The way that I see it, I have an inner bank account with a certain amount of emotional “cash” to give. The currency’s similar to emotional availability but not quite the same. It’s relevant whether I’m in a relationship or not, but I need to be at a certain level in order to be able to fully show up for dating.
Emotional currency is what dictates my state of being.
How I am in the world is driven by the emotional currency I have in the bank. If I’m happy-go-lucky and feeling energized, I generally have some metaphorical cash in the bank. If I’m feeling blah and without energy, my stash is likely running low.
Sometimes I have it, sometimes I don’t.
It’s funny to be online dating because my level of availability can oscillate wildly. I’ll have a few days where I’m totally psyched to be online dating—I’m answering and sending tons of messages and I’m all pumped to be talking to new people. Then other days, a super dreamy person could send me a message and I’m still like, “ugh, not today.” The currency in the bank is a day-to-day thing. Sometimes it’s there, sometimes it’s not.
There are varying levels of emotional currency.
I’ve talked about the two extremes, but there are also some levels in between. Sometimes I have just enough emotional currency that I’m pretty excited, but also chill. This may be the healthiest level to be at. I could also be a little low, but still have some currency, so this is when I’ll push myself to go on a date, even when I’m a bit tired. There are all sorts of levels.
Low emotional currency looks like…
Being exhausted around dating, not being excited about people I normally would be excited about, and either being completely blaisé when something doesn’t work out or freaking out—these are all signs of having little to no emotional currency in the bank.
High emotional currency looks like…
Having the energy to respond to online dating messages, being excited about first dates, and being somewhat even keel when something doesn’t work out—these are all signs of having emotional currency in the bank.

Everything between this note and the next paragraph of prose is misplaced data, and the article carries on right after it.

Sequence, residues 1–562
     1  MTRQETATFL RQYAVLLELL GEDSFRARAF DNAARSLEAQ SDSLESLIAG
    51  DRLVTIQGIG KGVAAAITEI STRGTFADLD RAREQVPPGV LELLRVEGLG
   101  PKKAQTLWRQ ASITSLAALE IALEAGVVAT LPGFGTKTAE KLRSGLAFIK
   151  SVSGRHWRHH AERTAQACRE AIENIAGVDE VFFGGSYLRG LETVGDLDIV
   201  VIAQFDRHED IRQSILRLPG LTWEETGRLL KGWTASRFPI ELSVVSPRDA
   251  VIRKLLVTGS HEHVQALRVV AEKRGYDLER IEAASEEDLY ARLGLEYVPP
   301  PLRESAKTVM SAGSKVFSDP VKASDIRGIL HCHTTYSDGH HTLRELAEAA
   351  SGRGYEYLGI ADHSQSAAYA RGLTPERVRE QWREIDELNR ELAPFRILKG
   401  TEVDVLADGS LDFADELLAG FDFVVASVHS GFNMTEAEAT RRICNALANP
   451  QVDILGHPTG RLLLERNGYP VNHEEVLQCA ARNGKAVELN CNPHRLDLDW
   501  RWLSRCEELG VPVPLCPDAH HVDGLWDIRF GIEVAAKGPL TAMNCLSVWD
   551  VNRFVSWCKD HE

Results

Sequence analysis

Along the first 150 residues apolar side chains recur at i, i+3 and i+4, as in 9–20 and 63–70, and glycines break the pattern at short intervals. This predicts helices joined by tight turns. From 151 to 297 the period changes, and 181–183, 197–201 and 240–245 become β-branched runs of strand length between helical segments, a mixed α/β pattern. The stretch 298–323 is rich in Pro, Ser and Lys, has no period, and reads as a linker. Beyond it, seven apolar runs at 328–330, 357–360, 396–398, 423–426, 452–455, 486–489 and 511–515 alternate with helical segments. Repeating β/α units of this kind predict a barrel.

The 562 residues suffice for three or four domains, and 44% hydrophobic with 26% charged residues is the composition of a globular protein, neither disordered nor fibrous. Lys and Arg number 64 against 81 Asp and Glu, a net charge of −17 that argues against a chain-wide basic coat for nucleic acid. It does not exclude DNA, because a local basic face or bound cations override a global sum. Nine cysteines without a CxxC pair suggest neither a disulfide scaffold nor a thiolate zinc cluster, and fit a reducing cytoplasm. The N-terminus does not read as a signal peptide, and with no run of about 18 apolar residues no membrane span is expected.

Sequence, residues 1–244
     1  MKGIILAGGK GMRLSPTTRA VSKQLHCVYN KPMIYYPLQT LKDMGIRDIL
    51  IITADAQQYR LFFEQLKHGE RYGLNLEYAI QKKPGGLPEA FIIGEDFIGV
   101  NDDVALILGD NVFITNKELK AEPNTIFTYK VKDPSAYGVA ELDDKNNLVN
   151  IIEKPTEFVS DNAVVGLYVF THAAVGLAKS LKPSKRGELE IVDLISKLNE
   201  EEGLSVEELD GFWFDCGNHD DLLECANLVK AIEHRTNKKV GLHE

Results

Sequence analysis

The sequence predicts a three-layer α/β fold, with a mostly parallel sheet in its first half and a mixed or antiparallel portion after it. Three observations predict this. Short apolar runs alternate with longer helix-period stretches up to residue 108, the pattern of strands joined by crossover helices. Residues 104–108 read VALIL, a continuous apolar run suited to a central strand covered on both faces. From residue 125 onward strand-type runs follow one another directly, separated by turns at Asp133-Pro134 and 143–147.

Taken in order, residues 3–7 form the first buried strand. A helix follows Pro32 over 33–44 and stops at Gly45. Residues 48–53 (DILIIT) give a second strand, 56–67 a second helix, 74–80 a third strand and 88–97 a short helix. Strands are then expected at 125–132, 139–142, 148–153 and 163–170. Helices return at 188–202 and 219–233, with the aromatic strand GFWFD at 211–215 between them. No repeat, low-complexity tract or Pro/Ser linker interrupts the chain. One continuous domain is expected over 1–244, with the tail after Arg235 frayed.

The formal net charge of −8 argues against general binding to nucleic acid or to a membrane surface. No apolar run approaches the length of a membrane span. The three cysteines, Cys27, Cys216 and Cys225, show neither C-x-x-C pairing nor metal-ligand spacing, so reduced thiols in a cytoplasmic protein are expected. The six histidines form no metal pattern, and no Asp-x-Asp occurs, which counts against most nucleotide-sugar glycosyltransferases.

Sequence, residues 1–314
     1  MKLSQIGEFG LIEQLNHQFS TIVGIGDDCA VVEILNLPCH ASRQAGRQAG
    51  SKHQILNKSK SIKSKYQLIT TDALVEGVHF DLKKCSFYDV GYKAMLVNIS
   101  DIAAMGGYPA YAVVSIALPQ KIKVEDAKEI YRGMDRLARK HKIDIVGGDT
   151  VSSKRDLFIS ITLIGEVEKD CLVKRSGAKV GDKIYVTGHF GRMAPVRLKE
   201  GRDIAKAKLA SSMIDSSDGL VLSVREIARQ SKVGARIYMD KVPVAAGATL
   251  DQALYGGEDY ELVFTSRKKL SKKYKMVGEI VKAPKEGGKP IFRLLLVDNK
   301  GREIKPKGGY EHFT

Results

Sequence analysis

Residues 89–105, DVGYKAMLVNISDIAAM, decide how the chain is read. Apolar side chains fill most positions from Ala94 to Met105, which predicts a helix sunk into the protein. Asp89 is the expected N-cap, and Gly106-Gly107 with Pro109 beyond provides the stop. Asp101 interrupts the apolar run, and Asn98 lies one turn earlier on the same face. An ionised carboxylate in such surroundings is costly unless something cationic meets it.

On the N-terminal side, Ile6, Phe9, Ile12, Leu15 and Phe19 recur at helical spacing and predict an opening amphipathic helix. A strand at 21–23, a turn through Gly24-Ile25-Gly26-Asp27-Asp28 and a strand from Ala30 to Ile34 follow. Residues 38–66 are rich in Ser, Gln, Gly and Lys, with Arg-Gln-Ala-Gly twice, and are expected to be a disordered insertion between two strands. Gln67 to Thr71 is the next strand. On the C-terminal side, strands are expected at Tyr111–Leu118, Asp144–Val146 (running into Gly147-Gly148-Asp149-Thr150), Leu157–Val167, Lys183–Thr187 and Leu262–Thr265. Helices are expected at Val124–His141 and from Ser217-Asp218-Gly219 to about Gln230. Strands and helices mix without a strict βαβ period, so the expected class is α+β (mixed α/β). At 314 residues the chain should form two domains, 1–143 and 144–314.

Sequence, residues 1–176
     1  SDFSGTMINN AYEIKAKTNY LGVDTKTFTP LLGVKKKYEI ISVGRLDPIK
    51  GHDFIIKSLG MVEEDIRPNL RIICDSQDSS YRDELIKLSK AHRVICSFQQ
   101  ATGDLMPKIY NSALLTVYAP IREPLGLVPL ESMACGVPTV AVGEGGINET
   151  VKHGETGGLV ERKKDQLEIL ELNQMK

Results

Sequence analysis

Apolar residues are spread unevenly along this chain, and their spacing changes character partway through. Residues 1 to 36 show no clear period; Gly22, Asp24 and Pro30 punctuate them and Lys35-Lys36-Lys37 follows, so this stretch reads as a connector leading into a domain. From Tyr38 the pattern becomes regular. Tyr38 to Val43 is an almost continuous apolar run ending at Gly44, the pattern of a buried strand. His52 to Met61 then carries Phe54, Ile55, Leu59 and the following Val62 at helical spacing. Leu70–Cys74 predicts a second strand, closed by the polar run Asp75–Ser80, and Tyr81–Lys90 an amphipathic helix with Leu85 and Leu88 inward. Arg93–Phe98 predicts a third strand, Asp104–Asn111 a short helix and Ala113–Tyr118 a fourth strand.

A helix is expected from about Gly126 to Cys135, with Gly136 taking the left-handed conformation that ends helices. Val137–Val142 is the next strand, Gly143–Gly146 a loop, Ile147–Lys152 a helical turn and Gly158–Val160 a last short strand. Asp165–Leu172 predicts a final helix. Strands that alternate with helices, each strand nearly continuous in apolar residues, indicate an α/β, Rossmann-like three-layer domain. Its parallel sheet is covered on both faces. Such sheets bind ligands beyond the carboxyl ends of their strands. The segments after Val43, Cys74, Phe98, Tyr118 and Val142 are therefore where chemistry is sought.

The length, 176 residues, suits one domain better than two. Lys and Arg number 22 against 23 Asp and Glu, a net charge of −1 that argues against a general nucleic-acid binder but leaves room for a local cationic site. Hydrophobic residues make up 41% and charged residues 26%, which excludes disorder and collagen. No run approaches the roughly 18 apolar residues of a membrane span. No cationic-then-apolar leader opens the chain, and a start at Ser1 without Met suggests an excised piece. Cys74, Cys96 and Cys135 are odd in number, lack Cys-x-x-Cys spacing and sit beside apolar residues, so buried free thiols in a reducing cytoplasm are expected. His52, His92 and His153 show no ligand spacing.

In order to date, I need to have currency to give.
I may be able to skate by in my life with a low reserve, but when it comes to dating, I really need to have the cash in the bank to use. Dating requires a level of energy that just cannot be manufactured. I either have the currency or I don’t. When I don’t have it, I delete my dating apps, cancel dates, and hibernate for a bit.
When my currency is low, dating feels impossible.
I’ve tried to force myself to date when I wasn’t ready. It’s a sh*t show and it’s an energy suck on the already low reserves I have. It also looks like talking to someone who’s totally awesome, but just not having the energy to go out on a date with them or to answer their constant messaging. Trying to do it anyways drives me bananas and leaves me totally wiped out.
All sorts of things affect my levels.
I’m talking all about this emotional currency—what to do with it and what not to do with it, but I haven’t talked about its origins yet. These reserves are a product of self-care, health/mental health, circumstance, timing, and other things. There are so many things that can affect my levels, but some major ones are how much dating I’ve been doing, sleep quality, what’s going on in my life at any given time, and my mental health status.
It may be deeply affected by my mental illness.
I definitely think that everyone has an emotional currency bank account. Though mine might be a little more sensitive (even volatile) due to having a mental illness. My diagnosis is bipolar, so swinging from one extreme to another is something that I’m quite used to. Though nonetheless, like I said, I think everyone definitely has levels to a degree.
There are ways I can nourish my emotional currency.
My level of cash in the bank isn’t just something that happens to me. It’s something that I can actively cultivate. Getting to bed on time, surrounding myself with good people, saying “no” to things that don’t feed my soul, and just generally keeping up on self-care are all biggies to nourish my emotional currency. I also sometimes have to take a break from dating because even the best of it in and of itself can be a suck on my energy.
Once I’m in a relationship, I have more leeway.
I have to say, I’ve been talking exclusively about dating so far. It’s definitely different when I’m in a relationship, though I suppose parts of it are the same. When in a relationship, the person has committed to being with me through the ups and the downs—the low and the high emotional currency. Still, if my reserves are low I might have to just hit the pause button on a fight, not go out for dinner with my partner’s friends, and even spend some time alone. After all, being aware of my emotional currency is about accepting what I need and rejecting what I don’t.